At any age, those who favor a plant-based diet should take special care to get sufficient amounts of protein, vitamin B12, vitamin D, calcium and zinc.
Personally, nutrition is something I’ve been interested in for decades. My exploration into the field arose from my first job following college. It was the 70s, and my employer – a religious organization – was helping low-income seniors whose homes didn’t meet the city code standards. Part of my job entailed meeting with the seniors and explaining how we could fix up their homes using volunteer laborers in exchange for the seniors repaying the cost of materials only. Over the next few years, I met with dozens of seniors and began to observe the vast differences in health status among them. Some were wearing their age well, while others suffered from a plethora of health problems – heart disease, arthritis, diabetes, obesity (the very same conditions that plague the older population still today). And that got me thinking…..what could I do to age gracefully and healthfully? Good nutrition and regular exercise were the answers I came up with. Books and magazines on healthy eating and exercise became my constant companions, and a master’s degree in community health education soon followed.
Many boomers never developed an interest in nutrition. But today, facing the realities imposed by Father Time, more boomers ARE discovering the benefits of a healthy diet. Unfortunately, the body’s need for calories drops over the decades. Consuming the same number of calories that we took in during earlier decades is a prescription for added pounds. And beyond that, we boomers can benefit from enjoying nutrient-dense foods, like lean proteins, fruits and vegetables, lower fat dairy, whole grains, and small amounts of unsaturated fat.
A Harris poll conducted this year attests to the increased interest in health, nutrition, and staving off disease among boomers. This poll showed that 2.5 million baby boomers are now vegetarian, including some famous ones, like Bill Clinton, Michelle Pfeiffer, and Sir Paul McCartney. At any age, those who favor vegetarian or even “flexatarian” diets (largely vegetarian with small amounts of lean animal protein)– should take special care to get sufficient amounts of the following (vegetarian sources noted):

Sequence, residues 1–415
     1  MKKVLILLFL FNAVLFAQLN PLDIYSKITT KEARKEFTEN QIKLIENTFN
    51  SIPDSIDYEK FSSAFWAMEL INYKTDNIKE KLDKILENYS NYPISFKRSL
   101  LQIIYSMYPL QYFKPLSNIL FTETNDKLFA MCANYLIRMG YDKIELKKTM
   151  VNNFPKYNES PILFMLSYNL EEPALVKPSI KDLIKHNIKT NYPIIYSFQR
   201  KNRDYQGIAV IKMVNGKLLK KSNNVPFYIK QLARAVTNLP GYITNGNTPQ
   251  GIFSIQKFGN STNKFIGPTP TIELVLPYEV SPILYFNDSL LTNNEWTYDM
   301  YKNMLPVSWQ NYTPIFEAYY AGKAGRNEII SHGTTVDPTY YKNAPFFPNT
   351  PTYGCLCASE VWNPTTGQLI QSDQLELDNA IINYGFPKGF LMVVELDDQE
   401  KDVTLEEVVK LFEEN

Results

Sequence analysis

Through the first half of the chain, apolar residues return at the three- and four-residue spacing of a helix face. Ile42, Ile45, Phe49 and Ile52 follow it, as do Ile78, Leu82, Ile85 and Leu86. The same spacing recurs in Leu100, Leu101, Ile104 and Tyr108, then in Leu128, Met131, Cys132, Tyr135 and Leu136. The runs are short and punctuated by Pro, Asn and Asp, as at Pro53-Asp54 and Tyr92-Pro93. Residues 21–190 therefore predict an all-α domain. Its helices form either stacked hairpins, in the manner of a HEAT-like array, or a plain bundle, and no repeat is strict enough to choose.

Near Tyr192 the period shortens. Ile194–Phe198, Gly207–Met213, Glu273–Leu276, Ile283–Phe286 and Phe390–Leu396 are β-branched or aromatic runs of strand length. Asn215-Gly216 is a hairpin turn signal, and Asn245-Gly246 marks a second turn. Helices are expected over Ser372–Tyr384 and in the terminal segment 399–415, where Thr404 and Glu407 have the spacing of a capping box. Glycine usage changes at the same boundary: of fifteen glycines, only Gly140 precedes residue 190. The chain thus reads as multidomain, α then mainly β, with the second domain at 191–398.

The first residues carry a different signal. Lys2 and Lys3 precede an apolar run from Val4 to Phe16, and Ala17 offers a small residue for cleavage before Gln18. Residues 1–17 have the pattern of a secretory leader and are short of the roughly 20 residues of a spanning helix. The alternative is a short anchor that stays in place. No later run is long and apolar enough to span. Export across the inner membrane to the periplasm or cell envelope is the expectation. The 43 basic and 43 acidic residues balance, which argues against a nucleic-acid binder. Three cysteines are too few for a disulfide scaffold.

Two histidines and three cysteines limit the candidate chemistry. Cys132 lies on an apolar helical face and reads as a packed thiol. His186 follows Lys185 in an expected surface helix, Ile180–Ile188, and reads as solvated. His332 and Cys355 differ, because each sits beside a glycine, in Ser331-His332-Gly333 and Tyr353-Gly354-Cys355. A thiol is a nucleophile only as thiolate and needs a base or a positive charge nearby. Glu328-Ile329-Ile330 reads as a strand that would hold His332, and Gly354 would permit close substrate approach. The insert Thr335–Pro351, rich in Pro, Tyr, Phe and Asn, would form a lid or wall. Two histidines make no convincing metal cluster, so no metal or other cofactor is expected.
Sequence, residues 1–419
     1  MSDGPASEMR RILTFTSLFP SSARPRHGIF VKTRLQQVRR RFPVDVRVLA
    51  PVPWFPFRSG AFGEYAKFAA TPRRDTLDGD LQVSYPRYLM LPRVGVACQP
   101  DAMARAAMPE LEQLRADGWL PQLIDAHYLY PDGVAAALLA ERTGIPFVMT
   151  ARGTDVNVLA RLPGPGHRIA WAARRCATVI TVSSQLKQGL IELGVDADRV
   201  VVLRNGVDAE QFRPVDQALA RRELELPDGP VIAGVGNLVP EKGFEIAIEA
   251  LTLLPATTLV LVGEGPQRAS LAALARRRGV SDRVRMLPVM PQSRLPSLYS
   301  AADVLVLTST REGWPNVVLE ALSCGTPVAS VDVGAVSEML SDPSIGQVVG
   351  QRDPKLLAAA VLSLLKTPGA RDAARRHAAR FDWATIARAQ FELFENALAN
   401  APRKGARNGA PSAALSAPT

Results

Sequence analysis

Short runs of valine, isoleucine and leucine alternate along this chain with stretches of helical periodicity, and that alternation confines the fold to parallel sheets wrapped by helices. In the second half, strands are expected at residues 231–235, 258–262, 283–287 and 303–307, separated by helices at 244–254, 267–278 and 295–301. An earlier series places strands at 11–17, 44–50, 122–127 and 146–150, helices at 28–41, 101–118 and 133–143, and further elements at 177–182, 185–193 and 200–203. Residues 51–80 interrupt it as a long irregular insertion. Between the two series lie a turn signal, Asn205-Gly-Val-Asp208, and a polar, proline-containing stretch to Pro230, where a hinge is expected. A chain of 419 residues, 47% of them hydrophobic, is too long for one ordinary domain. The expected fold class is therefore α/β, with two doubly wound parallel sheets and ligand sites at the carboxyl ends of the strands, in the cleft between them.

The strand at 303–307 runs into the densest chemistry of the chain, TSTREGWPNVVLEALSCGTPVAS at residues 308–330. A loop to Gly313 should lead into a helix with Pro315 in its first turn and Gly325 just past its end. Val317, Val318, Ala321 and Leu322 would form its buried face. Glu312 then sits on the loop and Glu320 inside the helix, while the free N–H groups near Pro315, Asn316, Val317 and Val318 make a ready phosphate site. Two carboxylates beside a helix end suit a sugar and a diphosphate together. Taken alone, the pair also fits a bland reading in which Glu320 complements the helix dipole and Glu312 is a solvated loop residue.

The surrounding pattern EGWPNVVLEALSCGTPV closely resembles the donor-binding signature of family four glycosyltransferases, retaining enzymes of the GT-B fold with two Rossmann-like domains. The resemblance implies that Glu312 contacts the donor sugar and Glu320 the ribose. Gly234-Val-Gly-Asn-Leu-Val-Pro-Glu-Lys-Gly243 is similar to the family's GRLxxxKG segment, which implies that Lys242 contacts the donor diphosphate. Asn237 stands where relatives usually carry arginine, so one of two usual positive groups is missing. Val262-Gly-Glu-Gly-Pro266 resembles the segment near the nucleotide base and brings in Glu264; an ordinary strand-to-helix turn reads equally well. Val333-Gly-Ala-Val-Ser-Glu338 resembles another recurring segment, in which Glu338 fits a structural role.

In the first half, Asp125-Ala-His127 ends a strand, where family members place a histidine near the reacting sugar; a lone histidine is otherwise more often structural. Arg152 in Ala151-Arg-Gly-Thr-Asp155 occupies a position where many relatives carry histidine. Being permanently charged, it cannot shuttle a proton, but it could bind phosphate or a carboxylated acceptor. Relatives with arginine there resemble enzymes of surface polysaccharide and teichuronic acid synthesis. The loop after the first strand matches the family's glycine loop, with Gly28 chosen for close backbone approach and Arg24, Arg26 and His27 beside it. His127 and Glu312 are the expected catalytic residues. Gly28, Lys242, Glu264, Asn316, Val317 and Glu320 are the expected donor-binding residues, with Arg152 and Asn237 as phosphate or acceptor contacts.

- Protein: A key nutrient, vegetarian sources of protein include soy, legumes (beans, peas and lentils), lower fat dairy, and egg whites.
- Vitamin B12: This vitamin is found “naturally” only in animal foods, but through fortification, vitamin B12 is found in vegetable sources including soymilk, veggie burgers and cereal.
- Vitamin D: One of the best sources of vitamin D is the sun. Those living in northern states are often vitamin D deficient, and supplementation is advised. Small amounts of vitamin D can be found in such fortified foods as cereal, some orange juice, soy products, and shiitake mushrooms. Check the food labels because amounts vary.
- Calcium: This mineral is found in tofu, broccoli, seeds, nuts, kale, legumes, greens, okra, rutabaga, and calcium-fortified soy products. Fortified grain products also contain small amounts of calcium.
- Zinc: The best sources of zinc include wheat germ and bran, whole wheat breads and cereal, legumes, seeds, nuts and tofu.
About the Author:
Erica Bohm, M.S.
VP and Director of Strategic Partnerships
Erica has been passionately introducing consumers, restaurants, health professionals, employers, and others to the benefits of Healthy Dining since 1993. With her leadership and keen ability to forge strategic partnerships with key stakeholders, she is a valuable asset to the company’s continuous growth and mission to create a healthier America. She also regularly contributes as a spokesperson for the company, helping to spread the word about HealthyDiningFinder.com and its unique status as a one-of-its-kind, online nutrition resource.
Prior to joining Healthy Dining, Erica spent several years in nutrition- and health-related positions at the American Red Cross in Greater New York and the American Health Foundation. She earned her master’s degree in community health sciences from New York City’s Hunter College.
Erica was inspired to join Healthy Dining after receiving her first copy of the publication Healthy Dining in San Diego, the forerunner of the award-winning website, HealthyDiningFinder.com. She loved the concept and knew immediately she wanted to be a part of the effort.